Sunday, July 31, 2011
Yep, just like they tell you, the last chemo is a doozy and I am flattened. The chair is empty, but the brain is very full. My brain should be saying: "when I am healthy I am going to be charitable, focus on self-improvement and helping others". Actually it says "when I am healthy I'm going to make a mitred stripe quilt with stippling".
Tuesday, July 26, 2011
I've been reading Melody's adventures in her modified quilt-as-you-go with scraps and adding borders with connector strips. Melody linked to excellent tutorials from Marianne on how to do it. I thought - that looked fun and easy and would use up the pile of hand-dyed scraps which are BREEDING in my cupboard I swear - so I made some. I made a scrappy yellow/green square, a pinky/orange one, and a green one. I quilted them and joined them together and it was awesomely easy, and satisfying, and looks really cool.
So I made a purple one.
And a green one. There is also a brown one, that I didn't photograph, a pink one being quilted and a yellow one being pinned. This is addictive!!!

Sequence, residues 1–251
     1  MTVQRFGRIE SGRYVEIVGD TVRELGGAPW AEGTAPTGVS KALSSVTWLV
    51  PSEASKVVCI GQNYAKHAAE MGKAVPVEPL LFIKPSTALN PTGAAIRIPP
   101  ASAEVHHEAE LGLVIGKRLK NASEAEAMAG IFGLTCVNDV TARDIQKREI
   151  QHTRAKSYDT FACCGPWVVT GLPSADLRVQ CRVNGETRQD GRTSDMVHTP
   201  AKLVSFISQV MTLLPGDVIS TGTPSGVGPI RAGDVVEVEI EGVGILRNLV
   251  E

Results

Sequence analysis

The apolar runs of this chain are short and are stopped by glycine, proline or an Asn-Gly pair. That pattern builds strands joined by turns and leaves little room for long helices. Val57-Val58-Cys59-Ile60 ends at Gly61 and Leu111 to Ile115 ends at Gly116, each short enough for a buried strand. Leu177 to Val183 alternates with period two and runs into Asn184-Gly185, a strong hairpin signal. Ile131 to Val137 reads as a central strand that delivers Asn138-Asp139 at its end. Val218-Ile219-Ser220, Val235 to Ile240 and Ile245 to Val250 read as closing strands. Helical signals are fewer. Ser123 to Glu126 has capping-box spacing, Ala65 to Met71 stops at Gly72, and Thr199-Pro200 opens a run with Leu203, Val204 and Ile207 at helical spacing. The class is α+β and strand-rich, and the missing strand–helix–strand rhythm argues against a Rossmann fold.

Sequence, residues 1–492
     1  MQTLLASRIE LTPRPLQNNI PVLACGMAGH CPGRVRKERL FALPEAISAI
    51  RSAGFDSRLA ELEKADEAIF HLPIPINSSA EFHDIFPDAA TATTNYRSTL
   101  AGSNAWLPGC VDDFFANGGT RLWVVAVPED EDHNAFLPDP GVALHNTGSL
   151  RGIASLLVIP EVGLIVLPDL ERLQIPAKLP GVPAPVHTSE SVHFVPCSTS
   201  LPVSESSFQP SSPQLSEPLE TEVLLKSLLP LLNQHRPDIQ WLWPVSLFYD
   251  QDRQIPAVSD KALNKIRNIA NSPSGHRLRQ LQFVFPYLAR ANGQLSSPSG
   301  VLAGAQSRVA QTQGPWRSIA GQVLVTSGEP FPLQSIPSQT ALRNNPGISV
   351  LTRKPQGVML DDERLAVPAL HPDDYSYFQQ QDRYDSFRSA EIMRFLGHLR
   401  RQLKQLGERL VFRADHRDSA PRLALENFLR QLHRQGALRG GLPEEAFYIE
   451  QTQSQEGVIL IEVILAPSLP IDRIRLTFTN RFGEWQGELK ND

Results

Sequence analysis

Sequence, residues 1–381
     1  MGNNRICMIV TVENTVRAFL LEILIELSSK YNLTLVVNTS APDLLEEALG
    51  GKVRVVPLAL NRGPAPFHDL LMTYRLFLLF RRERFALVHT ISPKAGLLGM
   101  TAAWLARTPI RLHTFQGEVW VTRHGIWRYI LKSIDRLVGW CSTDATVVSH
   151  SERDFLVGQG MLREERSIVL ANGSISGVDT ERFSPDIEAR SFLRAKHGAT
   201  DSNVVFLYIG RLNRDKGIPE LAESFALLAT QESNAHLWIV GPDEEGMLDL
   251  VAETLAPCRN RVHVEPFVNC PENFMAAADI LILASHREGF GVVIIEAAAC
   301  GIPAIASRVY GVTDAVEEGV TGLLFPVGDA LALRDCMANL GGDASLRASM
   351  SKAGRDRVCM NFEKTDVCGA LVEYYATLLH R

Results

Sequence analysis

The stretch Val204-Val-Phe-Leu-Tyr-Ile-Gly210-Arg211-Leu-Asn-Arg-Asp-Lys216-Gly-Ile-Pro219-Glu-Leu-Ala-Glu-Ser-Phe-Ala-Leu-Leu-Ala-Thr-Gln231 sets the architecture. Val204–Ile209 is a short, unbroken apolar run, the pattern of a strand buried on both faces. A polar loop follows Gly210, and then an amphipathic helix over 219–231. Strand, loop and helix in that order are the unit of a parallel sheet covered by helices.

I'm going to make an enormous quilt - 100 x 100 - for our enormous bed so I'm trying to make every piece a multiple of ten (the purple is 30 x 30, the green is 20 x 50) and hope they will all fit together at the end. The glory is, if they don't fit, I can cut them in half, or any multiple of 10. I'm even using scraps of batting and ugly bits for backing. The piecing is random and depends on the size of the scraps in the cupboard ...
... or the pile ....
Sunday, July 24, 2011
The moshlings have jumped up and bit me again - I was coerced by baby bambi-eyes into making a bag to hold his moshling figures in. He was extremely specific about the details; went through the plain colours to find the right purple, drew me a picture of the shape, picked out the lining material and measured the length of the strap using a tape measure on his arm. He insisted on round, which is damned difficult to get looking good, but he doesn't seem to mind that the seams are a bit puckered. And that the lining is slightly bigger than the outside :)
The most time-consuming bit was appliqueing Iggy on the bottom of the bag. Those eyes have five different pieces!!! It's raw-edge, so a bit rough, but it does look recognisably like the moshling Iggy, if I do say so myself. Iggy is Ultra-Rare. Wow. By the way, I have no idea why this paragraph is underlined, and I can't seem to remove it.